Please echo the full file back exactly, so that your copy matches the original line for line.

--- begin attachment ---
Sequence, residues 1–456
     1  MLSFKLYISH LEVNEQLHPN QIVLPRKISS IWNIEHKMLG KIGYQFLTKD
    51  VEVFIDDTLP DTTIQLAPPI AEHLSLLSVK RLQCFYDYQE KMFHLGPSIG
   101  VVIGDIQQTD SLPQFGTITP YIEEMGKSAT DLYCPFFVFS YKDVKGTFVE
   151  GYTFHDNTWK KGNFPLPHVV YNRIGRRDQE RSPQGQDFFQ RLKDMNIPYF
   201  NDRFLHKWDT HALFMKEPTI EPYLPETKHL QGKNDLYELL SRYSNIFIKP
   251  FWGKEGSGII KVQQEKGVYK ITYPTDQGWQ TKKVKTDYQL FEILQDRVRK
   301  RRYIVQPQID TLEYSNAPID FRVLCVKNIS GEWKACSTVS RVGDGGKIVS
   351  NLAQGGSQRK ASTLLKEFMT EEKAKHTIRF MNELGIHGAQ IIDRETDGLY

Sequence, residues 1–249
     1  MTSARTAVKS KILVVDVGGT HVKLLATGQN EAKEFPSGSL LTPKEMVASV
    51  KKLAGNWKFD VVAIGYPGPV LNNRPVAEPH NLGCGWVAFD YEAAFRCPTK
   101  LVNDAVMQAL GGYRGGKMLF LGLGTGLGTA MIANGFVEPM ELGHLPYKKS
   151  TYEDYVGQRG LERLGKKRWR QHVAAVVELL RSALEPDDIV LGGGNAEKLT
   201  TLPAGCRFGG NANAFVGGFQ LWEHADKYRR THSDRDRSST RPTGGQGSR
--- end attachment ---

Sequence, residues 1–456
     1  MLSFKLYISH LEVNEQLHPN QIVLPRKISS IWNIEHKMLG KIGYQFLTKD
    51  VEVFIDDTLP DTTIQLAPPI AEHLSLLSVK RLQCFYDYQE KMFHLGPSIG
   101  VVIGDIQQTD SLPQFGTITP YIEEMGKSAT DLYCPFFVFS YKDVKGTFVE
   151  GYTFHDNTWK KGNFPLPHVV YNRIGRRDQE RSPQGQDFFQ RLKDMNIPYF
   201  NDRFLHKWDT HALFMKEPTI EPYLPETKHL QGKNDLYELL SRYSNIFIKP
   251  FWGKEGSGII KVQQEKGVYK ITYPTDQGWQ TKKVKTDYQL FEILQDRVRK
   301  RRYIVQPQID TLEYSNAPID FRVLCVKNIS GEWKACSTVS RVGDGGKIVS
   351  NLAQGGSQRK ASTLLKEFMT EEKAKHTIRF MNELGIHGAQ IIDRETDGLY

Sequence, residues 1–249
     1  MTSARTAVKS KILVVDVGGT HVKLLATGQN EAKEFPSGSL LTPKEMVASV
    51  KKLAGNWKFD VVAIGYPGPV LNNRPVAEPH NLGCGWVAFD YEAAFRCPTK
   101  LVNDAVMQAL GGYRGGKMLF LGLGTGLGTA MIANGFVEPM ELGHLPYKKS
   151  TYEDYVGQRG LERLGKKRWR QHVAAVVELL RSALEPDDIV LGGGNAEKLT
   201  TLPAGCRFGG NANAFVGGFQ LWEHADKYRR THSDRDRSST RPTGGQGSR